|Year over Year||1.0%||0.8%||1.6%|
August retail sales were up 0.8 percent on the year, lower than expectations of a 1.1 percent increase. This was the fifth consecutive increase. Among the subcategories, auto sales were up for a fifth month, this time increasing by 3.8 percent on the year after rising 3.7 percent last time. Fuel sales declined for an eleventh month. Fuel was 10.6 percent lower than a year ago after declining 9.0 percent in July. Retail machinery sales were up for a second month, this time by 4.8 percent on the year. Food & beverage sales were 3.5 percent higher than August 2014 while apparel sales added 4.5 percent.
August's sales increase was the slowest since March when they declined 9.7 percent (a dip explained by the extremely high growth figure for March 2014, when many Japanese 'front loaded' spending before a sales tax hike was implemented in April).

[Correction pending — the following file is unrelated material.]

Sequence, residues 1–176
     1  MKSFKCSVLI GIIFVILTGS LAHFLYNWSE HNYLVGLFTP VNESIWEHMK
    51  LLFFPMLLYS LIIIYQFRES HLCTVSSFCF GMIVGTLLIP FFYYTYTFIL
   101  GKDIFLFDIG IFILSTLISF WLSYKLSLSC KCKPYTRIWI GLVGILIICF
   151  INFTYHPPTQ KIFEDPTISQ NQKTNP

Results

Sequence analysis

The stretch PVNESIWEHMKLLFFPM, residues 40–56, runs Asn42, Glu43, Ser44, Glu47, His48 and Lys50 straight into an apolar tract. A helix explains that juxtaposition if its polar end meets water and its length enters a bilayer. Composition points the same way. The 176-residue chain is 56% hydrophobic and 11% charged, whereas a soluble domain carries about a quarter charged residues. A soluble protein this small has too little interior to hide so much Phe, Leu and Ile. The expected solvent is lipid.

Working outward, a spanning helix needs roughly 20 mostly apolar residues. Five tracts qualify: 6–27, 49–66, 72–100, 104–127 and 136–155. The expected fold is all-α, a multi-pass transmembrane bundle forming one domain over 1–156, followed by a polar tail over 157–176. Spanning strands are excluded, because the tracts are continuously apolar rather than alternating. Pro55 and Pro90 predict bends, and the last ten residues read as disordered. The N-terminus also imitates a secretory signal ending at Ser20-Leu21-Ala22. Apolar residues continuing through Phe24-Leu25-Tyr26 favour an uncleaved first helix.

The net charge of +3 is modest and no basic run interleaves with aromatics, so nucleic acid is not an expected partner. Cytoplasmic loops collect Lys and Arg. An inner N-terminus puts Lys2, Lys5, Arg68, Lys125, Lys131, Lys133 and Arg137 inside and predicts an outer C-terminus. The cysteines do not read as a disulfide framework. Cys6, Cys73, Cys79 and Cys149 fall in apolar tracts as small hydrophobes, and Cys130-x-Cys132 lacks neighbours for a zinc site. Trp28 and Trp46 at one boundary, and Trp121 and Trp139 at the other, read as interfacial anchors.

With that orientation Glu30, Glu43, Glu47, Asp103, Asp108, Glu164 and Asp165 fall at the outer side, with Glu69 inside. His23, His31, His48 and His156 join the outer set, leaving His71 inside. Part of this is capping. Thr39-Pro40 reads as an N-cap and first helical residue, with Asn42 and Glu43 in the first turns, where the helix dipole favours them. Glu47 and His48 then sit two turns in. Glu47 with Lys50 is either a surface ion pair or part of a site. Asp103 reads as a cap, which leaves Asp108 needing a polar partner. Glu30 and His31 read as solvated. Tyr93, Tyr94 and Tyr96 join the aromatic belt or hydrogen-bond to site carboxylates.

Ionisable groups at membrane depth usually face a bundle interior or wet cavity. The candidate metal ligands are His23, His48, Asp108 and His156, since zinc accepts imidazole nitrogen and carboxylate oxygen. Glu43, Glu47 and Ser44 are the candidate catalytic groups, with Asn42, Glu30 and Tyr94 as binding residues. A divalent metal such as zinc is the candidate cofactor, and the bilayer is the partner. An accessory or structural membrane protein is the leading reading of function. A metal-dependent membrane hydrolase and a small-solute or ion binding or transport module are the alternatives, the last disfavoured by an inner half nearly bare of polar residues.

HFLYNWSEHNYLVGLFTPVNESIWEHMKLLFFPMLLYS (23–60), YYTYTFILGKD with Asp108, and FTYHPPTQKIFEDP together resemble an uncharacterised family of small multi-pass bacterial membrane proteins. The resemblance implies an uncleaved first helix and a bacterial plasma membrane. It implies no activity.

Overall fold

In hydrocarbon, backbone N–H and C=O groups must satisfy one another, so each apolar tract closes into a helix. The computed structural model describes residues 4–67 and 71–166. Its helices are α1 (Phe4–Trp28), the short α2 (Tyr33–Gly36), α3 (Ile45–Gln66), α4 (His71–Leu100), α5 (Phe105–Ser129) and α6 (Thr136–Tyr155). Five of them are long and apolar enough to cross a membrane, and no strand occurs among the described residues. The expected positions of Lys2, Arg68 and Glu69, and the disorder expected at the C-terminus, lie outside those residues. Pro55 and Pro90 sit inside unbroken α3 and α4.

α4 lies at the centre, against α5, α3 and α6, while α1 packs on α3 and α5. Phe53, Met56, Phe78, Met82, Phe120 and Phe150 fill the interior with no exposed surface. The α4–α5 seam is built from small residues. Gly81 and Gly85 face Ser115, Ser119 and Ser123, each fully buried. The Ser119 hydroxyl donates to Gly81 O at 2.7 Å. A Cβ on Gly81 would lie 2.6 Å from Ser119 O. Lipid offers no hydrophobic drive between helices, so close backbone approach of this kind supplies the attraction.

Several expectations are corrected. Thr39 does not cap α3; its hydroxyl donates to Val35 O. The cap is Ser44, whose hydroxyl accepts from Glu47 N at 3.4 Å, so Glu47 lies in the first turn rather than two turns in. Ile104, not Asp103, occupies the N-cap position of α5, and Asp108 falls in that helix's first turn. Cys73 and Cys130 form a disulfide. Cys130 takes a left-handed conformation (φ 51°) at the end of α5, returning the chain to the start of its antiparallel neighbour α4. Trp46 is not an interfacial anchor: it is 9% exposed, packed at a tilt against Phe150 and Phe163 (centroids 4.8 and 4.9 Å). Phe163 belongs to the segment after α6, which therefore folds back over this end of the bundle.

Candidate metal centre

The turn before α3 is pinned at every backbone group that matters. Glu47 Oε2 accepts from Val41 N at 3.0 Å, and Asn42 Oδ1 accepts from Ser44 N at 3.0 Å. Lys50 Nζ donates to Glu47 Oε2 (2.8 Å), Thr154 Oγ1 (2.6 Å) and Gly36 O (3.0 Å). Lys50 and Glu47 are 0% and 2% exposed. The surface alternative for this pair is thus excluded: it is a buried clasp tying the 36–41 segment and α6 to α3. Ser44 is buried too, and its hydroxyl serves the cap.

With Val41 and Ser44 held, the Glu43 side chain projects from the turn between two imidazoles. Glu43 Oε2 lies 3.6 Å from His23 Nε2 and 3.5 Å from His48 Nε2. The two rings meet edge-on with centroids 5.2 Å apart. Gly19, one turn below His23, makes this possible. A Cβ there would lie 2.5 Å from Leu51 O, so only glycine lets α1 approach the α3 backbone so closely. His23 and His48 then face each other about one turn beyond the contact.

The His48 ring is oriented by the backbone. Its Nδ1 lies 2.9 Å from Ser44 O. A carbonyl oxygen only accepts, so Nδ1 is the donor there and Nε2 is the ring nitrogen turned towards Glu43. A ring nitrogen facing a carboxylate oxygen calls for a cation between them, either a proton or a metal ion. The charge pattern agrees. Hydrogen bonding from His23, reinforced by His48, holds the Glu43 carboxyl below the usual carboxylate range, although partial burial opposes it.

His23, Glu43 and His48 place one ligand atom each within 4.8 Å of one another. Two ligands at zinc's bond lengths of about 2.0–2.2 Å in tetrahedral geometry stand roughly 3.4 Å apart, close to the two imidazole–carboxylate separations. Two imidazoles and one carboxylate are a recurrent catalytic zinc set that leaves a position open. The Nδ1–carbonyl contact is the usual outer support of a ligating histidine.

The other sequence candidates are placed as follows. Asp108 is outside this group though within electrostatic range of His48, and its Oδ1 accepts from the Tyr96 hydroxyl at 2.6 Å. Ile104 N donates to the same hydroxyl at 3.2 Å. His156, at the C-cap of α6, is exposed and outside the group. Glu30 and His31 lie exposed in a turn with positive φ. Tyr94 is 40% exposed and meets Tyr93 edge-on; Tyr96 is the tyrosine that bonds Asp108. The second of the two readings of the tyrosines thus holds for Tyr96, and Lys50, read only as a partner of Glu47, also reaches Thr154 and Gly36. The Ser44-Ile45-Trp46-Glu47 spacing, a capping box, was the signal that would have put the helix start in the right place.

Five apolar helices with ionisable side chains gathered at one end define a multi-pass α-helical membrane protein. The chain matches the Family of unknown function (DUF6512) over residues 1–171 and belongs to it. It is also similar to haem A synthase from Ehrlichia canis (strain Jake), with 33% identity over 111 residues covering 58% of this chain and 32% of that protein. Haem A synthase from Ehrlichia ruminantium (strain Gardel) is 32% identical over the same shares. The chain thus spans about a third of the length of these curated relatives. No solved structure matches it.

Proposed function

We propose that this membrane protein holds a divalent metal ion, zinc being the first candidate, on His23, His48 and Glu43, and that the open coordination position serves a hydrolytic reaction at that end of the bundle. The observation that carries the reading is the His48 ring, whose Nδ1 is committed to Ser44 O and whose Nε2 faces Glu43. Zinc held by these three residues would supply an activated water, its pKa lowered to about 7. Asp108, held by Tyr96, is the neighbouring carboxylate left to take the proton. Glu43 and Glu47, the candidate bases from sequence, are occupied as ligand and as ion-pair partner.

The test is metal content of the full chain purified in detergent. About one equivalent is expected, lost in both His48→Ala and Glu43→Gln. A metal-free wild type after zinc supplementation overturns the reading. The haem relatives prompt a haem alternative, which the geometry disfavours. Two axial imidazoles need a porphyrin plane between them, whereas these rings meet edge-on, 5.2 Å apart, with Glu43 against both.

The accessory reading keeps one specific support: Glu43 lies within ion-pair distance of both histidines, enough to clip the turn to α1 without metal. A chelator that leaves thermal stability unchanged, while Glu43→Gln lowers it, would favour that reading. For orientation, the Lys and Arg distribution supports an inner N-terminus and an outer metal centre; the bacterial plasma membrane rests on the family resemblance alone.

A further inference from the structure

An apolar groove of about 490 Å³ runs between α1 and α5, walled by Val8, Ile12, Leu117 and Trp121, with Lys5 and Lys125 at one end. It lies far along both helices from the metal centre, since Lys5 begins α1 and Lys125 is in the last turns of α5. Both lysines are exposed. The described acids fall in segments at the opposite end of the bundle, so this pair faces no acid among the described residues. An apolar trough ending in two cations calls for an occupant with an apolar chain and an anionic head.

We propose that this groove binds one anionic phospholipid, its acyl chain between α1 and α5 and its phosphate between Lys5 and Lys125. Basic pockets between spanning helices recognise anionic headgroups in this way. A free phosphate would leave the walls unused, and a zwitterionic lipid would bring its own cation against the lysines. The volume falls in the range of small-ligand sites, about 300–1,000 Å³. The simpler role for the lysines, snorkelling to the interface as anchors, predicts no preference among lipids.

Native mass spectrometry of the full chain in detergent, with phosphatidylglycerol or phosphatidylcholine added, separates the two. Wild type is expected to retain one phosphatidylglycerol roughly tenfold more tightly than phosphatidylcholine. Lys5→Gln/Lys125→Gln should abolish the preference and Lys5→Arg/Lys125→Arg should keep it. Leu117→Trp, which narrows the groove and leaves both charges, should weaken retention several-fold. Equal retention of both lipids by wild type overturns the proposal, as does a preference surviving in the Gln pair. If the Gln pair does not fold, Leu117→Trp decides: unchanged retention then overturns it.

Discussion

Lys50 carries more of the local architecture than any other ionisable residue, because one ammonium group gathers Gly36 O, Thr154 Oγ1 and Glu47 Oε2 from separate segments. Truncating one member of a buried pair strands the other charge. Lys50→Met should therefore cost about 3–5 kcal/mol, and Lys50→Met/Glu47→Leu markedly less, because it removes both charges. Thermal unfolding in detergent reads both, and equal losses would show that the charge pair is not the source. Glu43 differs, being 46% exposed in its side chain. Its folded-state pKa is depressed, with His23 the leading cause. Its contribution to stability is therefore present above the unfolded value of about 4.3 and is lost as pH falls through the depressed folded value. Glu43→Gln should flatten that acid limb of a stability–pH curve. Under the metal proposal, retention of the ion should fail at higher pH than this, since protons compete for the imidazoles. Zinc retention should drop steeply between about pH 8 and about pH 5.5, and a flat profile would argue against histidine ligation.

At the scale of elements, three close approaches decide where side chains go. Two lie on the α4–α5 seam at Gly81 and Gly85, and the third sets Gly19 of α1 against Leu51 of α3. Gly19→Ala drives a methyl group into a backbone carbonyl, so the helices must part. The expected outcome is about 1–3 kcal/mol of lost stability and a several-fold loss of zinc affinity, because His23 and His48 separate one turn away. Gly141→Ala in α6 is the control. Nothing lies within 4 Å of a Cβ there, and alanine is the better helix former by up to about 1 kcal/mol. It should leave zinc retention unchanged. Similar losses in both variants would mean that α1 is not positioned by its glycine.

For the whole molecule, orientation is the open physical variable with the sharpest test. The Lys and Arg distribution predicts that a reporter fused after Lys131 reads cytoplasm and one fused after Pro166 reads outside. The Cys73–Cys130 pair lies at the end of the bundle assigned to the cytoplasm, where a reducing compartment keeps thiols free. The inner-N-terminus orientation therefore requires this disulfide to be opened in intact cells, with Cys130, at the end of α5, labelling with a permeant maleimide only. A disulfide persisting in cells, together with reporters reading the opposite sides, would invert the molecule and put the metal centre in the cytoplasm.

One bright spot was provided by larger retailers, however, whose sales rose 1.8 percent, but less than the 2.1 percent rise in July. This could be symptomatic of increased tourism to Japan on the back of a weaker yen, making the traditionally expensive country more affordable to visit.
Retail sales measure the total receipts at stores that sell durable and nondurable goods.
Another way to look at consumer spending in addition to the household spending survey is through the retail sales report. This report gives the total value of goods and services sold each month at retail outlets. The preferred number is the change from the previous year. The report serves as a direct gauge of consumption and consumer confidence. Consumer spending is one of the most important leading indicators for the Japanese economy. Increasing sales signal consumer confidence and economic growth, but higher consumption also leads to inflationary pressures.
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